FICO - The First Step to Home Buying
You might think that the home buying process starts with getting pre-approved for a loan or with choosing a real estate agent. The content of your wallet begins the home buying process. Saving your money for a down payment is a good idea, but if you don't have a strong credit score to reinforce it, you could find yourself renting for another couple of years in Burlington until you improve your score.
A FICO score is a review of your years of credit history based on an instrument developed by Fair Isaac and Company. Most people traditionally have a score of 600, but scores are tiered from 300 to 850. Since we've experienced an economic downturn, however, some borrowers have seen their score lowered because of unemployment, closed credit card accounts, or credit card accounts closed by the lender due to inactivity. Some of the pieces in summing up your FICO score are:
- Payment History — How many late payments have you made?
- Credit to Debt Ratio — How much do you owe versus your available credit?
- Credit Inquiries — Do you have too many open accounts?
- Types of Credit — Do you have a healthy mix of loans and credit cards?
When you apply for a mortgage or any other loan, lenders want to make sure that extending a loan to you isn't a risk. Your credit score gives lenders an insight into what type of borrower you'll be based solely on your credit history. Because of the shift in the economy, most home buyers should have scores in the range of 700 or higher to get a decent interest rate. If your score is less than that, you can still qualify for a loan, but the interest paid in the long run could be more than double the amount of someone with a stronger FICO score.
Improving your FICO is the best way to ease into buying a home. Call us at (336) 226-9374 and we can help you get on the right track to the home of your dreams.
How do you boost your credit score? Improving your FICO score takes time. It can be rare to make a significant stride change in your credit score with quick fixes, but your score can improve in a year by keeping tabs your credit report and by using your credit wisely. The most important thing is to know your FICO score. You'll improve your credit score by using these pointers:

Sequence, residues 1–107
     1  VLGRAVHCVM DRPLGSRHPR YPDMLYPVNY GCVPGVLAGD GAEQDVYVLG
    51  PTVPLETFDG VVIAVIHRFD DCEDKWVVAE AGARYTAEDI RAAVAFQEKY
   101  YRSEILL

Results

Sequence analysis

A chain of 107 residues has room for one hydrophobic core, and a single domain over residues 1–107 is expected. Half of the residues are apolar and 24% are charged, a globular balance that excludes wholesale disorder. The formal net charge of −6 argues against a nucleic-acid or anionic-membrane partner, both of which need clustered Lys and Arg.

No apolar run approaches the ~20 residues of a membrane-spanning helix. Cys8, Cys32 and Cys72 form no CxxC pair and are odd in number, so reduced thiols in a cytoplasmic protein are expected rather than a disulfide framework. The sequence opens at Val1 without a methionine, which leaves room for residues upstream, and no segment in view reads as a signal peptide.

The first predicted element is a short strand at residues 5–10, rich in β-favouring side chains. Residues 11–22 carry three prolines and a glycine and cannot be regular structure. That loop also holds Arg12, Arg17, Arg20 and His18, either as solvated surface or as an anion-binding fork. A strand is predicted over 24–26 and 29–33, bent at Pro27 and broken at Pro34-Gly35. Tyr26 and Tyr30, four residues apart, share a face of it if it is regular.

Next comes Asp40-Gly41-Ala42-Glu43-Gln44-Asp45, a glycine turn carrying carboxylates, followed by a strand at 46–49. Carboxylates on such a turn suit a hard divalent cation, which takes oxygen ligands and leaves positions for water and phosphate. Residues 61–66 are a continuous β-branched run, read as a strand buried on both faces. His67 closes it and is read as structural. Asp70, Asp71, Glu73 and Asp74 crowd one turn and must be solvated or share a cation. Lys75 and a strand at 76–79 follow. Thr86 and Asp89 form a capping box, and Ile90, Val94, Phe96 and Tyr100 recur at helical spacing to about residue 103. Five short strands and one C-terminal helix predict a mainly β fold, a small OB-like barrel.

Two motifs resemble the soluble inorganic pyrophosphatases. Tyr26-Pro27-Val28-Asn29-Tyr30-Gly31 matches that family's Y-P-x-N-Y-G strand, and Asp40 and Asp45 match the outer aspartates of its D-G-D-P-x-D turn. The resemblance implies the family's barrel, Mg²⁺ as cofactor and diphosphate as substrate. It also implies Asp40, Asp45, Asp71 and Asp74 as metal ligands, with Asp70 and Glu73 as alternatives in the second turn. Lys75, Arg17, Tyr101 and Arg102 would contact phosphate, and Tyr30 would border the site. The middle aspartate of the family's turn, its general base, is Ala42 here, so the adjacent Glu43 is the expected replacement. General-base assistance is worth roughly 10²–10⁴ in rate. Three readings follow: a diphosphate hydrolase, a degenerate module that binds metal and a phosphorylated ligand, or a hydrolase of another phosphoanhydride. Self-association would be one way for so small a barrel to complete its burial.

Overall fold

- Spread your debt around. At first, this doesn't sound like a good idea. But, you want to avoid of having one card that is maxed out and have your remaining cards at a zero balance. It's better to have each of your cards at about 25% of their credit limit than to have the bulk of your debt transferred to one card.
- Store cards and service station cards. For those who have non-existent credit or below average credit, store credit cards and gas credit cards are ways to establish your credit history, increase your credit limits and keep up your payments, which will raise your credit. You must always avoid maintaining a high balance for more than a couple of months because these types of cards usually have a larger interest rate.
- Use your credit. Whether you're just getting started with credit, or if you've got older cards, use your cards so that your accounts stay active. But, make sure you pay them off in no more than two or three payments.
- Keep up with payments. Payment history is a big factor in your FICO score. It's where people who have recently been unemployed see the biggest dip in their credit score. Yes, it takes longer to restore your credit with payment history, but it's the most reliable way to prove that you're able to make payments to a lender.
- Ensure that your credit history is correct. If you find mistakes on your credit report, contact the bureau asking that the item be removed. If you have a common name or the same name as a family member, you'll want to give extra care to make sure the activity reported is correct.
Now that you're more informed about credit reporting, you'll be able to successfully take the first steps to homeownership, and that is improving your FICO score. Remember that when you're ready to apply for a loan to purchase a house, you'll want to keep your applications within a two-week window to avoid a negative mark on your credit score. With the help of David Massey Real Estate, shopping for a mortgage can be a stress-free experience so you, too, can achieve home ownership.
Get more information by visiting myFICO.com, Fair Isaac's informational site and review your credit history for free at annualcreditreport.com. And, for a small payment, you can get your FICO score from each bureau on their websites: equifax.com, experian.com and transunion.com.